BILIRAN Island, Philippines (Philippine News Agency) — The European Union vowed to continue existing projects even with the change of administration in the country, but said its lines are open to "explore new possibilities."
EU Ambassador to the Philippines Franz Jessen said his delegation has to "wait and see" the new administration's priorities.
"In the short run it will not affect very much with the project implementation. It may change as the new government may have different approach. Maybe things will change and we will have to wait and see," Jessen told reporters on the sidelines of the EU-funded evacuation center turnover here on Tuesday.
After their recovery projects for communities hit by Supertyphoon Yolanda in 2013, the EU has initially listed health, energy, employment, and human rights as next priority sectors.
"We are always excited with both the old and new governments and explore new possibilities," he added.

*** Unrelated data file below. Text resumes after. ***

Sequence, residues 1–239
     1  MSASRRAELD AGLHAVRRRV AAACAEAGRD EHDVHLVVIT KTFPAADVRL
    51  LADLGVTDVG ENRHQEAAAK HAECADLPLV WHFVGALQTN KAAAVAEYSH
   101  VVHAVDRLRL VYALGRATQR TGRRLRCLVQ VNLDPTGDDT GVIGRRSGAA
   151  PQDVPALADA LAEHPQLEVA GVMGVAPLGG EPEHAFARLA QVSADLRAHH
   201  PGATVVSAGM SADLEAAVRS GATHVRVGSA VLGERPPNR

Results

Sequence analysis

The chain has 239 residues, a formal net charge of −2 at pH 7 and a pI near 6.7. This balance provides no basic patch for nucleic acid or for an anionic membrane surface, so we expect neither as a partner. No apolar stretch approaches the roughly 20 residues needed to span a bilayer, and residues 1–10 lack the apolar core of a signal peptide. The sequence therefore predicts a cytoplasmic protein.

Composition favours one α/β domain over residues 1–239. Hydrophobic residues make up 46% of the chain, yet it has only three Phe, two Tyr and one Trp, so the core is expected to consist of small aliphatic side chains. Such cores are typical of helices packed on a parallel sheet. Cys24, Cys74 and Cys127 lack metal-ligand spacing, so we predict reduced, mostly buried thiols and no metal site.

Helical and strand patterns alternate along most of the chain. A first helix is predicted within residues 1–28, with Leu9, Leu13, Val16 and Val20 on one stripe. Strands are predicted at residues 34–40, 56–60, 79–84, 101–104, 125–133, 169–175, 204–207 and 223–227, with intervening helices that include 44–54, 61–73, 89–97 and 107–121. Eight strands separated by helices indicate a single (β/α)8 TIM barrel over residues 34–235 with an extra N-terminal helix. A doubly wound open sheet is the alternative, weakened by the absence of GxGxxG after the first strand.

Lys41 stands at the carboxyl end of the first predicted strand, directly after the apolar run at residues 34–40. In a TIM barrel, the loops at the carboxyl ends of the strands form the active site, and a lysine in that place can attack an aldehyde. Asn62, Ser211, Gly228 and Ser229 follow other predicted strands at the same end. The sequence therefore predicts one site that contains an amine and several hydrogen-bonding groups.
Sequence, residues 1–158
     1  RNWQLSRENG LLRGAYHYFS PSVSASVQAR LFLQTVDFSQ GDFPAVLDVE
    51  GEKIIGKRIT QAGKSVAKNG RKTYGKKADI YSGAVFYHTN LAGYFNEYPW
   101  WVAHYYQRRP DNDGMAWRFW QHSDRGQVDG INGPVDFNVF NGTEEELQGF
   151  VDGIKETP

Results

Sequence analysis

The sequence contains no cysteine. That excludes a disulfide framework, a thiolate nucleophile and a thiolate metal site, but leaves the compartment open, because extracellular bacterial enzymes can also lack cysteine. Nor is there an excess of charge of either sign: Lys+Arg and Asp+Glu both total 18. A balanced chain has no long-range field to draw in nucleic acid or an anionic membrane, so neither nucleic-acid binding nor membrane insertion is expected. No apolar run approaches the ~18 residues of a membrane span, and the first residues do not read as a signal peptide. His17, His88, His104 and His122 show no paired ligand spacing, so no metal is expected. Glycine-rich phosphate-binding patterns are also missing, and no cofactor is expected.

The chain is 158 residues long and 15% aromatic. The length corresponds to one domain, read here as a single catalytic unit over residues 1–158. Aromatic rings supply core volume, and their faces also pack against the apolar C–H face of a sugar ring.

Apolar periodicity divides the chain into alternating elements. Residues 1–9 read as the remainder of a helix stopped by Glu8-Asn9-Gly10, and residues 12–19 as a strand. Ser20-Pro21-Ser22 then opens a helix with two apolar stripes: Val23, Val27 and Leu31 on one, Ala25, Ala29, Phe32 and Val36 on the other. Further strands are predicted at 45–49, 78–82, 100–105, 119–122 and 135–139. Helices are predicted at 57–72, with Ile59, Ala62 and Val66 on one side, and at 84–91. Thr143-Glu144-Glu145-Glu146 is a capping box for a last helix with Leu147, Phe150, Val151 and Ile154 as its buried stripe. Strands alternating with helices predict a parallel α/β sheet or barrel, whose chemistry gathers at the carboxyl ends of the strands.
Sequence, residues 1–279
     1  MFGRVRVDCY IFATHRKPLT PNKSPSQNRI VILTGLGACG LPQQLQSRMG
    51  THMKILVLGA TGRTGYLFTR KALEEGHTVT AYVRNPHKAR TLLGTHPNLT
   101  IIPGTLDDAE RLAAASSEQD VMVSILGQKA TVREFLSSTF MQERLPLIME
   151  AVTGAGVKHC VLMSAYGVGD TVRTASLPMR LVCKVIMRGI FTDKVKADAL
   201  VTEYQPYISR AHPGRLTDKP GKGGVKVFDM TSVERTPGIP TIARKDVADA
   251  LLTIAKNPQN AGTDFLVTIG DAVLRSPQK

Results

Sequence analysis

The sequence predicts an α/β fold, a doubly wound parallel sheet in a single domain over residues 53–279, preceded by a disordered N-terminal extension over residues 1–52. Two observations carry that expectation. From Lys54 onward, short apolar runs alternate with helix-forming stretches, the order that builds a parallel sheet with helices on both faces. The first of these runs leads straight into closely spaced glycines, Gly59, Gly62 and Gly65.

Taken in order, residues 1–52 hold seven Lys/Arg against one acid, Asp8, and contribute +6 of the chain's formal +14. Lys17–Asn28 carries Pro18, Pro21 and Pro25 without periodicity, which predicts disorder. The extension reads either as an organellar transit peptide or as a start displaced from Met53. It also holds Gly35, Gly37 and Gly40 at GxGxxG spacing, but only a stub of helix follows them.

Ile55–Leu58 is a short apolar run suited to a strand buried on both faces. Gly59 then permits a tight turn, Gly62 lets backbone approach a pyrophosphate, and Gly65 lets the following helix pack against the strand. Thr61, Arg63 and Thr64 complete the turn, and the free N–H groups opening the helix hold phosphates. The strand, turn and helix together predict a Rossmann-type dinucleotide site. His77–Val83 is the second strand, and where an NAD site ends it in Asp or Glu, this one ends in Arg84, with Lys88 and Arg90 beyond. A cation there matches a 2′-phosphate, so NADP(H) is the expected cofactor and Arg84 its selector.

The relationship between the EU and the Philippines has started in the late 1970s through Europe's dialogue with the Association of Southeast Asian Nations. The deal was sealed through a signing of agreement in 1980.
For many years, this agreement on economic and political issues was the primary legal framework for EU relations with the Philippines.
In July 2012, officials signed the EU-Philippines partnership cooperation agreement to further engage and cooperate on a broad range of areas, including political dialogue, trade, energy, transport, human rights, education, science and technology, justice asylum and migration.
Since December 2014, the Philippines has enjoyed enhanced trade preferences with the EU under the EU's Generalised Scheme of Preferences.
Negotiations for an EU-Philippines Free Trade Agreement were also launched on Dec. 22, 2015.
"The aim is to conclude an agreement that covers a broad range of issues, including tariffs, non-tariff barriers to trade, trade in services and investment, as well as trade aspects of public procurement, intellectual property, competition and sustainable development," the EU said in a statement.